Trade, Industry and Competition Deputy Minister, Nomalungelo Gina, says South Africa’s furniture industry masterplan has the potential to reposition the country in the sector.
Gina made the remarks while delivering a keynote address on Wednesday during the second day of the Buy Local Summit and Exhibition.
The Furniture Industry Master Plan (FIMP) was established to set clear guidelines and targets for the furniture manufacturing industry, as well as guide public sector procurement as part of government’s efforts to support and stimulate the industry.
She noted that the industry in South Africa sits firmly within the manufacturing sector of the national economy. While its contribution was at less than 1% to the GDP when compared to other manufacturing industries, it is a relatively low capital investment requiring job.
“It is one of the most labour intensive industries, with a potential to contribute to the reduction of unemployment, and increase the export and development of small, medium and micro enterprises (SMMES). It contributes to the geographical spread of economic activity, since the products can be developed in rural areas with minimal investment,” Gina said.
“The establishment resources and manufacturing base makes it an attractive sector to capitalise on the available opportunities. It has a potential to grow its contribution to both employment and economic growth, as prescribed by the national industry policy framework and the industrial policy action tool.”
While the global furniture manufacturing industry has grown by an average of 13% between 2004 and 2009, South Africa only achieved a 3% growth rate over the same period. In comparison to the top furniture producing countries that account for 72% of the global product, South Africa’s furniture production only accounts for 0.4% of this.
Gina said global players have positioned themselves between manufacturing low cost or low quality, and high cost to high quality.
“China had eclipsed the traditional world’s largest countries and by 2006, China has been the largest furniture exporter with 20% of global exports, from being the ninth largest in 2000. We have since a huge eclipse,” she said.
The local furniture industry has not kept pace with the world in this regard, she said.
“It has steadily been losing its shares of global furniture manufacturing. The escalation of cheap Asian exports, the declining investment in skills development and technological innovation in significant research and development funding over the last five years has resulted in the declining levels of competitiveness for the industry with the resultant job losses and the reversal from being a net exporter to being a net importer of furniture products,” she said.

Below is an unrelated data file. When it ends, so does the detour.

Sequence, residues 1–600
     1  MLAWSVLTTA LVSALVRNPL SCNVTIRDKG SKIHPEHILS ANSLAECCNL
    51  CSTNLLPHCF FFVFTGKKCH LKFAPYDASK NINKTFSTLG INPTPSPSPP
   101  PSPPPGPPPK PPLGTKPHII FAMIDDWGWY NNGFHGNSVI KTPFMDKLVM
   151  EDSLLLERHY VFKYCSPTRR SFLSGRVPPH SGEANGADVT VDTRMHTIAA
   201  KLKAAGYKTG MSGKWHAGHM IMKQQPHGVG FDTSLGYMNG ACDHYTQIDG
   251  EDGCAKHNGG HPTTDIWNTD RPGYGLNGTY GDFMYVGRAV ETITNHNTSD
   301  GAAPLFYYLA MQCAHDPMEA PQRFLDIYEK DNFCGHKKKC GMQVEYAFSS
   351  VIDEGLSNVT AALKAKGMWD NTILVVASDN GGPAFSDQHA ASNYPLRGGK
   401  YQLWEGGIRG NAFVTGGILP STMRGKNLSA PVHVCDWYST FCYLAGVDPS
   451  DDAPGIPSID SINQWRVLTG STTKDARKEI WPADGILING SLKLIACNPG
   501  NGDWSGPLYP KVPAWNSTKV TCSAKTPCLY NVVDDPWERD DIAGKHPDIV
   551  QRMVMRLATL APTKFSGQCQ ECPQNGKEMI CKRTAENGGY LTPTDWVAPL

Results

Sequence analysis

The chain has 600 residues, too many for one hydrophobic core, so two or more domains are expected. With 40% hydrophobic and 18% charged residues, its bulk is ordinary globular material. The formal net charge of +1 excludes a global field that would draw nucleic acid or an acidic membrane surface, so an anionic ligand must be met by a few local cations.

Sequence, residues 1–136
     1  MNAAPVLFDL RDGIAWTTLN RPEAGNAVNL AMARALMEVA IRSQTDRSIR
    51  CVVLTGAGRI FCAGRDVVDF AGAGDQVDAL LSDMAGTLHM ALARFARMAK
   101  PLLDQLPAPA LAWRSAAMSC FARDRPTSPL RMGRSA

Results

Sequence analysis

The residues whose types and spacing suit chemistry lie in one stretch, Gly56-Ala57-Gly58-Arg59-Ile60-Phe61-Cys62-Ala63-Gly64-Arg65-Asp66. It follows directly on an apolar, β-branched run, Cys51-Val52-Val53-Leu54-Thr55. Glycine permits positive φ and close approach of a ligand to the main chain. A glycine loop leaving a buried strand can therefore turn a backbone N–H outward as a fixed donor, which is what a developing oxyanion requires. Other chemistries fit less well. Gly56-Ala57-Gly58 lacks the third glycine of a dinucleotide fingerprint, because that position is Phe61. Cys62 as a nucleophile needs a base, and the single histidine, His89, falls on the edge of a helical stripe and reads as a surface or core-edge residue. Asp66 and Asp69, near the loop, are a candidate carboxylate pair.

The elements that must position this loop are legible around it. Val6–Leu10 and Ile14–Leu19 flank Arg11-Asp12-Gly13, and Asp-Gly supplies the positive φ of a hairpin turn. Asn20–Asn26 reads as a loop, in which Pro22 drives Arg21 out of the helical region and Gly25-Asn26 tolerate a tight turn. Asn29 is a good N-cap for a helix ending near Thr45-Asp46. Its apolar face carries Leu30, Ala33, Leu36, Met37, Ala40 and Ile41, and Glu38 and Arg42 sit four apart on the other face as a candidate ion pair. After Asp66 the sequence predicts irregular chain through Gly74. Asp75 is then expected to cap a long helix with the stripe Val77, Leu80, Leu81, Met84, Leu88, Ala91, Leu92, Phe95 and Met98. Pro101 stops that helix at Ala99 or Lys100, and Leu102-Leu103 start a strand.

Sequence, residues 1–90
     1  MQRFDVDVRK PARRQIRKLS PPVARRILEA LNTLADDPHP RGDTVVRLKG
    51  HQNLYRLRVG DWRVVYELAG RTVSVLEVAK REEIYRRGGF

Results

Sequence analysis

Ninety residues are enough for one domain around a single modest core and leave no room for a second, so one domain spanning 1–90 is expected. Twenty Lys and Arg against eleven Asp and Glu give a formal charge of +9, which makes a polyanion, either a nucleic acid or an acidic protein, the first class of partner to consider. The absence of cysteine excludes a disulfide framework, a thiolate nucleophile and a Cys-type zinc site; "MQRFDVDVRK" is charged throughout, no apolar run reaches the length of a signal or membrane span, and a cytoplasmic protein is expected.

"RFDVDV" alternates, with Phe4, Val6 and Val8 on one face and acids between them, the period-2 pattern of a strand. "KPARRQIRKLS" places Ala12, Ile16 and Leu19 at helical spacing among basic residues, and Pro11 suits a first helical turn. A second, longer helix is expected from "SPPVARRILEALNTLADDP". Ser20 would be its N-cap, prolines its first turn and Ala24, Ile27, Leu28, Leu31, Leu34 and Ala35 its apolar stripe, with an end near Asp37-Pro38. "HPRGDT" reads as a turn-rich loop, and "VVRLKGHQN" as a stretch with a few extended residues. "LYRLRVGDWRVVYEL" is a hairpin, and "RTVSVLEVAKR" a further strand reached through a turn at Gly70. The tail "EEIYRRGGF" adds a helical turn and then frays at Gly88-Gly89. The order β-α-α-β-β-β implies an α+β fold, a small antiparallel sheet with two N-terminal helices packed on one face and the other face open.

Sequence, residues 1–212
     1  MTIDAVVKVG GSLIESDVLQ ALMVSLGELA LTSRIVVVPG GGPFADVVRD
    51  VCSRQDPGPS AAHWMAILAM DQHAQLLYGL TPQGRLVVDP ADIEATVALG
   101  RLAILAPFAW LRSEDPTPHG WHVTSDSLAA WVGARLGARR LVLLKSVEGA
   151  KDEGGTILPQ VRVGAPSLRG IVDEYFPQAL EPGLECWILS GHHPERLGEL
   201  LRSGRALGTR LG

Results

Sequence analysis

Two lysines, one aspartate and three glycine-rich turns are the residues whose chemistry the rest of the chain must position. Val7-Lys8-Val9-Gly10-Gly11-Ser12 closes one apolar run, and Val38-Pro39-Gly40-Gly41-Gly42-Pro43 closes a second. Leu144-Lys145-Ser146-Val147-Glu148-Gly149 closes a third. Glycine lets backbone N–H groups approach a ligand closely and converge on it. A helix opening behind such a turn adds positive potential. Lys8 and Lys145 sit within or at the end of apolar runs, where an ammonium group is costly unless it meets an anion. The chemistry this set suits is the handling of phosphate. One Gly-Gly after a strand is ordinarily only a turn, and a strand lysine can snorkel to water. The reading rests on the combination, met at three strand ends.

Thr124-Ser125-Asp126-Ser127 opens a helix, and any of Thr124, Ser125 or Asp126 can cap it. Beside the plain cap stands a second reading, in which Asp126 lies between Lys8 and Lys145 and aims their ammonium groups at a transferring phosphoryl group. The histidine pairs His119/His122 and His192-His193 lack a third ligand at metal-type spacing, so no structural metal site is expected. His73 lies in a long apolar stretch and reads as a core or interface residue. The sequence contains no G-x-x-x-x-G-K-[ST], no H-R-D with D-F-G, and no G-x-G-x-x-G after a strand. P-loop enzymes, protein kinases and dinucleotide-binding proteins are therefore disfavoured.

She said while the country’s furniture manufacturers have to an extent managed to hold the fort, SMMEs had become the biggest casualties of exports. The Deputy Minister said, however, it was possible to position the local industry as a producer of high-end furniture products that are competitive based on quality and or differentiated designs.
“This requires concerted efforts on the part of public and private sectors to develop programmes that addresses challenges that constrains the industry from reaching growth levels… of competitiveness,” she said.
In this regard, government is working with the private sector to insure that smaller players in the industry are assist to reach full growth potential.
“In our consultation process towards the framing of the furniture industry masterplan, all stakeholders noted the lack of skill in the industry supply chain. These ranged from coders, operators, and maintenance services for critical digital equipment, designers and those with hand skills.”
These issues are included in the masterplan, she said.
“The development of the BBBEE chapter for the furniture industry, under the auspices of the forestry charter, was not fully supported by the industry and suggests that discussions on the way forward is needed by stakeholders.
“Elements of the quote such as enterprise development, skills development and training, procurement from black and female-owned SMMEs are possible alternatives for greater weighting.”
She said the country could use design as a creative instrument to link industry players, creativity and innovation products.
“Designs can also play a significant role in the industry development and beneficiation of raw material. It is possible to position the local industry as a producer of high value products that are based on quality and on differentiated designs,” said the Deputy Minister.
This, she added, will require a concerted effort of all stakeholders to develop programmes that are address challenges that constrain the industry from achieving growth levels that significantly raise levels of competitiveness.